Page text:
The Jubilee in Nidderdale
Edward Gifford

It’s June and stood in the yard I am glad of the fleece underneath my waxed coat; the sky is leaden grey, the wind whistles down the dale and there is no place to hide. We pack up the trailer with hurdles, a generator, the toolbox containing oil and clippers and wrenches. Loaded up we pull leftward out of the yard and head first along the dale bottom. His pickup truck betrays the signs of the modern farmer, Mars bars littered among feed schedules and veterinary prescriptions; the one-man army. The caravaners do a double take as we rattle past, as if noticing, for the first time, that there were people who worked to maintain the land beyond their plasticine Eden. Puzzled perhaps by the absence of flat caps (they are on the back seat) but more so by the lack of a Land Rover. What used to be Defender territory is now populated mainly by Ford, VW, Mitsubishi, and Toyota; the leather upholstery and walnut trim of the new Land Rovers stays in the valleys, towing caravans and lining well-to-do Harrogate avenues.
  Beyond the campsites, we cross a cobbled bridge on through Pateley. The high street is bedecked in red, white, and blue; homemade daisy-chains wreath the door of Kendall’s, the butcher. Day tourists are paying more attention to the show the town is putting on for Her 70th year and not minding themselves on the narrow pavement. A pair with painted faces and conical hats leap out. We brake hard and the trailer shudders. There is a look of surprise on their faces, rather than apology, so we trundle on, laughing quietly.

Through the melee, the tourists thin out and we turn up towards Wath, headed for the thirty or so rented upland acres. The Sportsman’s Arms has a special ale on, Royal Salute, we see it chalked on the board to catch the walkers and cyclists. Others in the hamlet, living in hardy gritstone cottages, have joined in too, with fresh eggs and special jams left out beside an honesty box and a flag.

On and on, up and up, we pull up to a gateway. I jump out whilst he manoeuvres the truck; clambering in again we cautiously drive round the edge of the field to a far gate. Here there is some hardstanding and we unpack the trailer on to it. Setting up the hurdles into a funnel and then two pens beyond.

He passes me a shepherd’s crook and I notice the swollen forearm, a swarm of bees, he tells me, trying to catch the queen. Secretly quite pleased at this sign of trust, otherwise a taciturn pair, I inspect the crook carefully as he explains how it was made. ‘Take a tups’ horn and heat it with steam, then clamp and crimp it. It is hollow you see so it will roll and take the shape I give it.’ His is accented by a ring of deep black buffalo horn; mine has a woman’s name carved along the top–I ponder but do not ask.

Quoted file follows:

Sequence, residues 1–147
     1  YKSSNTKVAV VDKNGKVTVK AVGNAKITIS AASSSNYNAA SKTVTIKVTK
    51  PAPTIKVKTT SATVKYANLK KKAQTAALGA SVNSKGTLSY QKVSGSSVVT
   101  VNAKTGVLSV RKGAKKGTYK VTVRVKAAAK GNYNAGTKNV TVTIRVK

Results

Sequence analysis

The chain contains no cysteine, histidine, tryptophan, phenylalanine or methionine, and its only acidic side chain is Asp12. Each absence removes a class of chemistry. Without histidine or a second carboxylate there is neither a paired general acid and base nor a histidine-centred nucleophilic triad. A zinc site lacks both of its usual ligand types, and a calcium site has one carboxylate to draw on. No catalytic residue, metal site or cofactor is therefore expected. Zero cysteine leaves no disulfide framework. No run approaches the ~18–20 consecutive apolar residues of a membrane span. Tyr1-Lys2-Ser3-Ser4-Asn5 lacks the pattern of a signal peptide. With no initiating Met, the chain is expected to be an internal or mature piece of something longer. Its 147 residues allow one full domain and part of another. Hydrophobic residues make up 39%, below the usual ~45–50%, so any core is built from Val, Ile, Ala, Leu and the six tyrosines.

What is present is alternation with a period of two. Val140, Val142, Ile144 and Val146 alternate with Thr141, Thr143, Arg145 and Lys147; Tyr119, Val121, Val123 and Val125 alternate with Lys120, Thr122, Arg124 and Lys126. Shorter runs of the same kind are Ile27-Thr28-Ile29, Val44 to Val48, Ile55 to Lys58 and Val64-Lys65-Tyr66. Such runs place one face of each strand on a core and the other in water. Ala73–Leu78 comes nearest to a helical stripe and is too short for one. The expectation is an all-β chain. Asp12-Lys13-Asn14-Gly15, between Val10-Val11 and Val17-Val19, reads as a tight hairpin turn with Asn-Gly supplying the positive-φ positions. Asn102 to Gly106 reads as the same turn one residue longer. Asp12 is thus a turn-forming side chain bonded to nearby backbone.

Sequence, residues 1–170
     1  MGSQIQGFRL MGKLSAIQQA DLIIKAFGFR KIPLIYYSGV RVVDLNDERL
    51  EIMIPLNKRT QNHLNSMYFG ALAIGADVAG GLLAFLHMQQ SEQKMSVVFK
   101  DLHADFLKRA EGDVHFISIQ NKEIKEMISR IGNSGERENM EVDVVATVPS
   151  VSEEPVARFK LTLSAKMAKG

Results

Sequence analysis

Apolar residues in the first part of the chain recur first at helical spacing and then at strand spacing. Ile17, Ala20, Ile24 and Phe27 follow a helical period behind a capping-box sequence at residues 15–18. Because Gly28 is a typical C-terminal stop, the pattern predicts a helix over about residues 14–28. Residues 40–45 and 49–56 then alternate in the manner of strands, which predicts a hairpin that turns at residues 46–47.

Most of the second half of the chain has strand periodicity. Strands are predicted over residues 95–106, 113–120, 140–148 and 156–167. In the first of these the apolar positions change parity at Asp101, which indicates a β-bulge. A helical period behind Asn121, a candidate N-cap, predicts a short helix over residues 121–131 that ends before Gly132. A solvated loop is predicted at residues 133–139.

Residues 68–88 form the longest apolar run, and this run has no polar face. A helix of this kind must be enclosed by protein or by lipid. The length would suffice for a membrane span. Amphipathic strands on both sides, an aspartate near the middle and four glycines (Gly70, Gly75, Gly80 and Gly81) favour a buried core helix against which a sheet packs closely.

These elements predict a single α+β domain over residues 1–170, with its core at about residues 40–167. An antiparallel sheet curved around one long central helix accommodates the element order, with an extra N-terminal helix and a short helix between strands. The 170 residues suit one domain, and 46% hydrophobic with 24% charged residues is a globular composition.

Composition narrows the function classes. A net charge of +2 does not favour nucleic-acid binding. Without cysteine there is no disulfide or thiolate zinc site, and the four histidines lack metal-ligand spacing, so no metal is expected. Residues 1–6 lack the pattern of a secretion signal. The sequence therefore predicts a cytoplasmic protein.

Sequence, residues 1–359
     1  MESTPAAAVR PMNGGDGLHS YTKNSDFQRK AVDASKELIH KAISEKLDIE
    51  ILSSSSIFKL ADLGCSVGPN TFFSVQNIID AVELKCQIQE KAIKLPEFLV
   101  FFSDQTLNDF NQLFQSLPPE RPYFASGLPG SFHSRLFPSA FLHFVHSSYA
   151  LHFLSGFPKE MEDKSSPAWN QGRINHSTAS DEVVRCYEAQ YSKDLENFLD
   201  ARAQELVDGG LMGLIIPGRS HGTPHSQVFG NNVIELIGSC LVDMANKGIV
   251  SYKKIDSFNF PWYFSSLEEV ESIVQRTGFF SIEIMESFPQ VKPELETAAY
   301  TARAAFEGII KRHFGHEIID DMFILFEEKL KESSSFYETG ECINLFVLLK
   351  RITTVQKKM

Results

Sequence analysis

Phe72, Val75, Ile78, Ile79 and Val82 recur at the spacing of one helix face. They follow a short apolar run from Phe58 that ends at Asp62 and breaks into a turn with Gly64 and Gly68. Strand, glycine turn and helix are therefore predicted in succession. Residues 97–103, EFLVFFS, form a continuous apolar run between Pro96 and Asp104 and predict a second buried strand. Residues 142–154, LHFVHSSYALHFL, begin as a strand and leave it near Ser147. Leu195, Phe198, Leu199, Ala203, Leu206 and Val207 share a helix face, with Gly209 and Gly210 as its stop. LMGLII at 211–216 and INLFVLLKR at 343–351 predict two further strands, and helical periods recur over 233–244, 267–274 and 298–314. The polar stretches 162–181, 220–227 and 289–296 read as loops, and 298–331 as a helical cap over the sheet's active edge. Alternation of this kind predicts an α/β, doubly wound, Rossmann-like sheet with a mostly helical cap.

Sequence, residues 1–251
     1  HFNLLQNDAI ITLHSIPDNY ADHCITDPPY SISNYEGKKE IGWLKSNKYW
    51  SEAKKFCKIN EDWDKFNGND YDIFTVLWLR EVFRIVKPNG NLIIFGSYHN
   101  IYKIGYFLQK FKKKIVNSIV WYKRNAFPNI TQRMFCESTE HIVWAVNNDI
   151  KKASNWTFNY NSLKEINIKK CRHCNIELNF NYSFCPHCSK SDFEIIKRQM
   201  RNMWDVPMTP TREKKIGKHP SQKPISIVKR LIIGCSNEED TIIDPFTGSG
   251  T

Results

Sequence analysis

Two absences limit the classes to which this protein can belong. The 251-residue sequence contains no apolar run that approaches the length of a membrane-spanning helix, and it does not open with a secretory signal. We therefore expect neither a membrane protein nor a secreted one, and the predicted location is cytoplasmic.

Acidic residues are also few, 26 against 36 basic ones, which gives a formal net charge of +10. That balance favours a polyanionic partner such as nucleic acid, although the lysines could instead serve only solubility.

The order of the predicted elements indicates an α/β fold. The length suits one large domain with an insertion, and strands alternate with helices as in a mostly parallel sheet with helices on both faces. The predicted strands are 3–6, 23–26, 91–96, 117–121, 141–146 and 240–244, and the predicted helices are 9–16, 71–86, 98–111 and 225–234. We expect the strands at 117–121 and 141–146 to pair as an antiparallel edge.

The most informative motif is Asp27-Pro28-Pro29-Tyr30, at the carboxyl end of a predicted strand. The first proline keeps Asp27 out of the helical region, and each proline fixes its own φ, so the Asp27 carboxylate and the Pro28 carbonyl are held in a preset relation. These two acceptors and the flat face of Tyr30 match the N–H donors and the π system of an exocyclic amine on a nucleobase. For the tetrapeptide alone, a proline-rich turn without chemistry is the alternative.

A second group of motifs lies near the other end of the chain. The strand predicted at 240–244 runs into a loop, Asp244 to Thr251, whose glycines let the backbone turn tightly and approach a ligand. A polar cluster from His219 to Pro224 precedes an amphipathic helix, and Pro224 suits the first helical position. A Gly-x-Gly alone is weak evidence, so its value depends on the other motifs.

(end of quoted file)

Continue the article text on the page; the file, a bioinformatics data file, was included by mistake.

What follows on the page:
Crook in hand I follow as he bounds straight off up the steep sided dale. We are looking for nineteen yowes (ewes) and their thirty lambs. They need to be driven off of the top, down through the three adjoining fields, into the pens we have built next to the trailer; the lambs are to be jabbed and wormed, the yowes sheared, wormed and sprayed. Grey faced Dartmoor’s do not run as a flock as mules or texels do, they dawdle and wait and come back on you. Without a dog the extended arm of the crook alongside whistles and phrases of an ancient upland dialect are essential if any progress is to be made. Running along the edge, the sheep below to my left, I am guarding against the possibility of them turning and heading updale again, as he drives them. The going is much easier on the way down, yet we are still panting once the last one is penned.

We pause for a moment. Echoing peals of distant bells run along the valley and the smell of diesel fumes mix with wild garlic; the lanolin grease on my palms from dividing the lambs and yowes is pliable like a thin layer of warm candle wax. Looking over the softly bleating sheep, their coats remind me of the greyed strands of a mop; quite straggly but handsome, the hair hanging in flat tufts. The nose is brown, as if each of them when a lamb had dipped theirs in a pot of brown paint and then sneezed, splattering it around their snout. These lambs grow slowly, much slower than the Australian and New Zealand meat, both because of their breed and because the farmer keeps them with their mother pretty much until they have weaned themselves. His fields are not sprayed, they eat nothing but grass, and drink milk, supplemented by organic feed blocks.

I load the shorn fleeces into bags destined for the Wool Board, packing them into the corners four to a layer; they are to be sold but the pittance paid does not cover even a day’s expenses. Upland farmers are expected to turn out a loss of over £165 per hectare, even with subsidy they will still be down £28 this coming year.

He tells me that this rare breed flock is to be cut back, they are a hobby and the farm needs to make ends meet; the meat market has been flung open by fancy trade deals made up in Whitehall and he has to keep afloat. It means nothing to them, he opines, that his meat and his wool is better, native and sustainable.
  The tattoos on his arms speak of a former life, perhaps one left with the rush of the city; the discolouration on his left ring finger tells of a former love; the ripped trousers of a long working day. And though he will not rest for the Jubilee, his contribution will be taken down from the hills straight to jubilant tables. ‘I don’t particularly care what obstacles the London bureaucrats write down or what people fail to realise as they pick their packaged meat in a sterile supermarket’ he explains.

Chargé d'affaires - Depuis 2020